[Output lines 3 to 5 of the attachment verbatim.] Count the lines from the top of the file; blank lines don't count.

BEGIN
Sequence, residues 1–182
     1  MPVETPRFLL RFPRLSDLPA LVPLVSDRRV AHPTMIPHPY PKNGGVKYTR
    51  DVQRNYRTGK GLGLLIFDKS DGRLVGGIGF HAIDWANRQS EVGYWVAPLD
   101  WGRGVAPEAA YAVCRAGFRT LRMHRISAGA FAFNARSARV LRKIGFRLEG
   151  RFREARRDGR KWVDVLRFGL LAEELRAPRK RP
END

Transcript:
    51  DVQRNYRTGK GLGLLIFDKS DGRLVGGIGF HAIDWANRQS EVGYWVAPLD
   101  WGRGVAPEAA YAVCRAGFRT LRMHRISAGA FAFNARSARV LRKIGFRLEG
   151  RFREARRDGR KWVDVLRFGL LAEELRAPRK RP